Why is Subaru moving slowly in bringing its first all-electric model? Subaru is a small automaker and has around 4.35 percent market share in the U.S. according to a year-end report from CarSalesBase. Subaru is taking the slow approach like Toyota because of the risk involved.
In a recent interview with Automotive News, Subaru CEO Tomomi Nakamura mentioned the risk when he says," For the U.S. market, we're not sure how rapidly the electric vehicle market will grow."
Photo credit: motor.es
Subaru collaborates with Toyota for its first-ever battery-electric car
Subaru has hitched its wagon to Toyota in developing its first-ever all-electric SUV. Nakamura says, "We are a small manufacturer, and we're not going to be able to cope with all the changes by ourselves. So we need to have the right partner, and we think that is Toyota."
Subaru will bring its new all-electric SUV sometime in 2022. Subaru says it will be about the size of the 2021 Forester compact SUV. The new EV will be a compliance car for California's emissions, where Subaru sells many of its new Forester, Outback, and Crosstrek SUVs.
Subaru benefits by taking the slow approach by letting other automakers take much of the risk. "We wanted to minimize our investment because we're not sure how much profit this project is going to make. We also wanted to minimize the risk of entering the EV market. To hedge, the partnership with Toyota helped," Nakamura tells AN.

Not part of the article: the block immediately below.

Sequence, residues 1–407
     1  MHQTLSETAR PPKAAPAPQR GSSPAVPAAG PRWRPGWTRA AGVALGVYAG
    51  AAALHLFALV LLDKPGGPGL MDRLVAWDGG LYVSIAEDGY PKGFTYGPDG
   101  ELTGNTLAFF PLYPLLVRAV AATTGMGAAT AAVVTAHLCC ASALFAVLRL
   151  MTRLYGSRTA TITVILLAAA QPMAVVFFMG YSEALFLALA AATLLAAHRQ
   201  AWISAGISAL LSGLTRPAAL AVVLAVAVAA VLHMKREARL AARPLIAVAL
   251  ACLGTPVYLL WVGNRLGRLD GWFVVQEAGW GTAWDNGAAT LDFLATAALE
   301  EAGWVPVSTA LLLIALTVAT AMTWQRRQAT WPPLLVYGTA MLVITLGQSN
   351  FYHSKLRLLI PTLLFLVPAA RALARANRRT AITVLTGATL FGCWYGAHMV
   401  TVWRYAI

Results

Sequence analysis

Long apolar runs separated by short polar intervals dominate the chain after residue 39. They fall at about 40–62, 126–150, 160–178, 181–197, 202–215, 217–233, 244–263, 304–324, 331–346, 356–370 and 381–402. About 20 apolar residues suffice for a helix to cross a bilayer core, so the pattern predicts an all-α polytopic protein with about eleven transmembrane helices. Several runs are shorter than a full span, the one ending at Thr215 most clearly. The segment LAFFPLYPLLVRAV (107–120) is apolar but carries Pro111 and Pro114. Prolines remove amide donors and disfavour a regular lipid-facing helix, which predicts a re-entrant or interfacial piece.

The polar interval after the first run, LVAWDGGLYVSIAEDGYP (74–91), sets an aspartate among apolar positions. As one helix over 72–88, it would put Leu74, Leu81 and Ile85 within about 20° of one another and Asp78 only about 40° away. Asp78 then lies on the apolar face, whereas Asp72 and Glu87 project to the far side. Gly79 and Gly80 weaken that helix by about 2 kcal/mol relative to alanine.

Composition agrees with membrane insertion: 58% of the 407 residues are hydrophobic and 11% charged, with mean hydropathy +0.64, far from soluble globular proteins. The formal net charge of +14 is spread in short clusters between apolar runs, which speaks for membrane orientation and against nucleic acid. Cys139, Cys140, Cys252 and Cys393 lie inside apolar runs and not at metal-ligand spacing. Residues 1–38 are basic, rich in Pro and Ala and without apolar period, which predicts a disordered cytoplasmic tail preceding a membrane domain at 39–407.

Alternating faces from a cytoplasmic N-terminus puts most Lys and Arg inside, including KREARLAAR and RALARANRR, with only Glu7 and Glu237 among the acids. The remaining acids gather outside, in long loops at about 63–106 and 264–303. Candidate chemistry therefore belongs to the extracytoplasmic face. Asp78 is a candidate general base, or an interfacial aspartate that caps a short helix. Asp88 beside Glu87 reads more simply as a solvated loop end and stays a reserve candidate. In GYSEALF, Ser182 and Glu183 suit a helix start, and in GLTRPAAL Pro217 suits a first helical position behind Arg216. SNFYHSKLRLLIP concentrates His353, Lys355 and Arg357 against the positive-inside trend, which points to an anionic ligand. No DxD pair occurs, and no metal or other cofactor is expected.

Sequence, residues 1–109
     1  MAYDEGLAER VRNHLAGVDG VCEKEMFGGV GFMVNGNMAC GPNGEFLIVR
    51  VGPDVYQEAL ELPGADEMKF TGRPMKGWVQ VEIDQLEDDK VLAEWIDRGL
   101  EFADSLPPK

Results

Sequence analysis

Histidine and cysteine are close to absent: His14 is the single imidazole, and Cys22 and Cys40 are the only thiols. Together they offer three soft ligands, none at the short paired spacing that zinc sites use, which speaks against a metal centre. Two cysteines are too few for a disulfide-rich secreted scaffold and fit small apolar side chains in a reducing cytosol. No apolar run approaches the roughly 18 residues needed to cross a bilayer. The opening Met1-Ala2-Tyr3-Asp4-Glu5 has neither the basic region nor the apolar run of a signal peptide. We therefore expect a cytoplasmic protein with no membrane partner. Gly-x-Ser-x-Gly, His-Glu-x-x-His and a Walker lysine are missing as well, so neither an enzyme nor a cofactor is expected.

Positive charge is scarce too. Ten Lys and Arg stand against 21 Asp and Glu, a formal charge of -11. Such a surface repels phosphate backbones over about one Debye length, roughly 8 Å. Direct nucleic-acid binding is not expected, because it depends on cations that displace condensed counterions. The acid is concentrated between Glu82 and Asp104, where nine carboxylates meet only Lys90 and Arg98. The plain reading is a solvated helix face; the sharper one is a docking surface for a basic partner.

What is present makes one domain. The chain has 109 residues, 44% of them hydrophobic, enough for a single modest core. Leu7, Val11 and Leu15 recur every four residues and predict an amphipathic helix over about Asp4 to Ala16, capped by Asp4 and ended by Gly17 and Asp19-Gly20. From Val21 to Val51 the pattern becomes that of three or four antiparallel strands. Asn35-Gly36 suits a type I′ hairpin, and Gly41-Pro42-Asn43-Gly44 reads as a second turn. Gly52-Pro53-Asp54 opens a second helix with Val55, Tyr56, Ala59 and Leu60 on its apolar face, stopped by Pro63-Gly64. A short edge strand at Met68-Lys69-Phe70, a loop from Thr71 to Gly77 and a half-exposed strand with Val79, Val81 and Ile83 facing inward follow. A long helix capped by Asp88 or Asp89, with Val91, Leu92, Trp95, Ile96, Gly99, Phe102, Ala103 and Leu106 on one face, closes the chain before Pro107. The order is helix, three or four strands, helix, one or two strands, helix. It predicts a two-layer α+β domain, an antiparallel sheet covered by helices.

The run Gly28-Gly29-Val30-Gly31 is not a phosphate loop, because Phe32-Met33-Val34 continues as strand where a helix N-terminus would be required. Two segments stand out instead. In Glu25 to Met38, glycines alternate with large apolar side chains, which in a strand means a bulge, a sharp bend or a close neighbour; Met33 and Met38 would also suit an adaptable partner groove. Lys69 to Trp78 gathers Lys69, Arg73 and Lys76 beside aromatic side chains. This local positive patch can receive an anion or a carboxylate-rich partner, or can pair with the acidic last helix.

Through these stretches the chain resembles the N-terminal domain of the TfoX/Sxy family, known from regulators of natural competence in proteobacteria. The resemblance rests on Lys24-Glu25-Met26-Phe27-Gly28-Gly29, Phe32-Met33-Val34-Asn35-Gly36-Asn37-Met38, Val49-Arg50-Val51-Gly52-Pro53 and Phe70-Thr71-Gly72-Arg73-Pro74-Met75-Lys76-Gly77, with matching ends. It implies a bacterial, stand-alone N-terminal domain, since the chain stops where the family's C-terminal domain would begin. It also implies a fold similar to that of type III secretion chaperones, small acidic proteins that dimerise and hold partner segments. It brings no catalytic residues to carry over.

"Toyota has a lot of knowledge of electrified vehicles. So we thought working with Toyota would allow us to introduce an EV or hybrid faster. We can absorb Toyota's knowledge."
While Toyota plans to launch a "portfolio of battery-electric products," Subaru will launch one all-new model in early 2022. It will have limited availability in California and some eastern states. Even though it's developed with Toyota, Subaru will keep the new all-electric "distinctly Subaru."
Subaru will move slowly and cautiously in developing an all-electric Forester, Outback, and Crosstrek. "Based on that (how rapidly the EV market grows), we'll have to think about our strategy and how to add electrified vehicles."
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Denis Flierl has invested over 30 years in the automotive industry in a consulting role working with every major car brand. He is an accredited member of the Rocky Mountain Automotive Press. Check out Subaru Report where he covers all of the Japanese automaker's models. More stories can be found on the Torque News Subaru page. Follow Denis on Facebook, Twitter, and Instagram.
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Photo credit: Subaru, Photo credit: motor.es